The Dungeons of Old Paris: Being the Story and Romance of the Most Celebrated Prisons of the Monarchy and the Revolution

Capa
G. P. Putnam's sons, 1897 - 265 páginas
0 Críticas
As críticas não são validadas, mas a Google verifica a existência de conteúdo falso e remove-o quando é identificado
 

Opinião das pessoas - Escrever uma crítica

Não foram encontradas quaisquer críticas nos locais habituais.

Outras edições - Ver tudo

Palavras e frases frequentes

Passagens conhecidas

Página 252 - It having been argued that this was an improvement.—" No, Sir," said he, eagerly, " it is not an improvement: they object, that the old method drew together a number of spectators. Sir, executions are intended to draw spectators. If they do not draw spectators, they don't answer their purpose. The old method was most satisfactory to all parties; the public was gratified by a procession; the criminal was supported by it. Why is all this to be swept away ?
Página 129 - ... of the court-yard. He was seated on the ground like the rest, and seemed not at all to understand his position, except that it was horrible. It is probable that he also saw something excessive through the vague ideas of an utterly ignorant man.
Página 107 - The folds of the priestly garb conceal a place of torment which monastic justice, with a grisly humour, names a Vade in Pace ; the last bead of the rosary grazes the first rings of a chain which bears the bloody impress of the sworn tormentor. At Bicetre, as at the Luxembourg, ages ago, big-bellied cenobites sang and tippled in the cosy cells piled above the dungeons of the church.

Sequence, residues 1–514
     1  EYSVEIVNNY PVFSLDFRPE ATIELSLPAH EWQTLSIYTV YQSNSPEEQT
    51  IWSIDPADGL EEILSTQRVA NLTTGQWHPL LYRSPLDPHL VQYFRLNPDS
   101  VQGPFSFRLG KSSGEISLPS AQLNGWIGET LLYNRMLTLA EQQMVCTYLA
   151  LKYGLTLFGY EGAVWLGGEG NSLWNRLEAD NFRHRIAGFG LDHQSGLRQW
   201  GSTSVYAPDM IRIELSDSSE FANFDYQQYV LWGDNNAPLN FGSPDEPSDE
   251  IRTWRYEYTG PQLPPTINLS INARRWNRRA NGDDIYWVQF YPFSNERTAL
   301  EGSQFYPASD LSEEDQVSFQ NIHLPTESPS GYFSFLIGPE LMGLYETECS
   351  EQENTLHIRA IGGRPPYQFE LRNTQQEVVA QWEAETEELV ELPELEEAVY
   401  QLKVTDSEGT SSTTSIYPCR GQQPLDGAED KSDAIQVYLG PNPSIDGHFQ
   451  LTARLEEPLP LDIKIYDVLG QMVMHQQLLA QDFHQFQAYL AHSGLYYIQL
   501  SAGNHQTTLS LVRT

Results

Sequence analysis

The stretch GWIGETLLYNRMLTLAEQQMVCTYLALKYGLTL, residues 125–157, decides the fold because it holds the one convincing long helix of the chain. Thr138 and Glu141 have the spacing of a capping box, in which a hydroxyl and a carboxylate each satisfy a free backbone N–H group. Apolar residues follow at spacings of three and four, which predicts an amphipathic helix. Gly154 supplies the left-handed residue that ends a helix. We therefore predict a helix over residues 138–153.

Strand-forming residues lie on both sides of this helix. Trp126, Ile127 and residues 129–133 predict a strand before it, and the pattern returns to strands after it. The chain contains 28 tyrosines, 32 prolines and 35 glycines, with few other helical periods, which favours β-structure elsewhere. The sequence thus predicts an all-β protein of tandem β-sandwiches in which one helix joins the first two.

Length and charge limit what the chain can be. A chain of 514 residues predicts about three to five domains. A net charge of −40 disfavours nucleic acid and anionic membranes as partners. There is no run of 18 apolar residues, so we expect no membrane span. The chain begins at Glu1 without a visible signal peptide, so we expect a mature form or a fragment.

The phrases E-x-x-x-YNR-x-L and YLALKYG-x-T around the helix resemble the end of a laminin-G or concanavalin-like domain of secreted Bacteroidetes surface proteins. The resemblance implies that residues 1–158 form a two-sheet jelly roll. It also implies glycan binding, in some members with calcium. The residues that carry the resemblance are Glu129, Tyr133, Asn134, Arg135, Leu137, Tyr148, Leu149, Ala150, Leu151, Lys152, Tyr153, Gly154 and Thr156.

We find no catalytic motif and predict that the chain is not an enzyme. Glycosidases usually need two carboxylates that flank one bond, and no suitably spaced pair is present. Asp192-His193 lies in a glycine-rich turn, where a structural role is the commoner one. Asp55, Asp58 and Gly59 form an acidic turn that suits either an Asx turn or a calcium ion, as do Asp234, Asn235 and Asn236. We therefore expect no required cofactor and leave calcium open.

Página 126 - Minister, and one of the gala personages; to his own eyes the chief one. Young spiritual Amazon, thy rest is not there; nor thy loved Father's: "as Malebranche saw all things in God, so M. Necker sees all things in Necker," — a theorem that will not hold.
Página 111 - I was stung in the eyes, and had a loathsome savour in the mouth, and was horribly oppressed in the lungs. The eightand-thirty months they kept me in that noisome cell, I endured the miseries of hunger, cold, and damp. . . . The scurvy that had attacked me showed itself in a lassitude which spread through all my members ; I was presently unable either to sit or to rise. In ten days my legs and thighs were twice their proper size ; my body was black ; my teeth, loosened in their sockets, were no longer...
Página 116 - Lord Worcester went back to Bicetre the next morning and was closeted for an hour with the madman. At Marion Delorme's in the afternoon he said : " In England we should not have put that man into a madhouse. Your Bicetre is not the most useful place. Who invented those cells ? They have wasted to madness as fine a genius as the age has known.
Página 116 - As they strolled through the quarticr des fous a creature made a spring at the bars of his cell. " Marion — look, Marion ! It is I ! It is Salomon ! I love you ! Listen : I have made a discovery which will bring millions and millions to France ! Let me out for God's sake ! I will give you the moon and all the stars to set me free, Marion ! " " Do you know this man ?" said Lord Worcester. " I am not at home in bedlam," said Marion, who on principle allowed no corner to her conscience.
Página 125 - They knew outside what that meant. Two men seized him by the arm and led him out of the room. At the door he was face to face with a double row of cut-throats, a prod in the rear with a pike tossed him amongst them, and then — well there were some that took a good deal of finishing off.— They did not shoot them then?— No, there was no shooting.— And the acquittals?— Well, if it was simply, 'take the citizen to the Abbaye,

Informação bibliográfica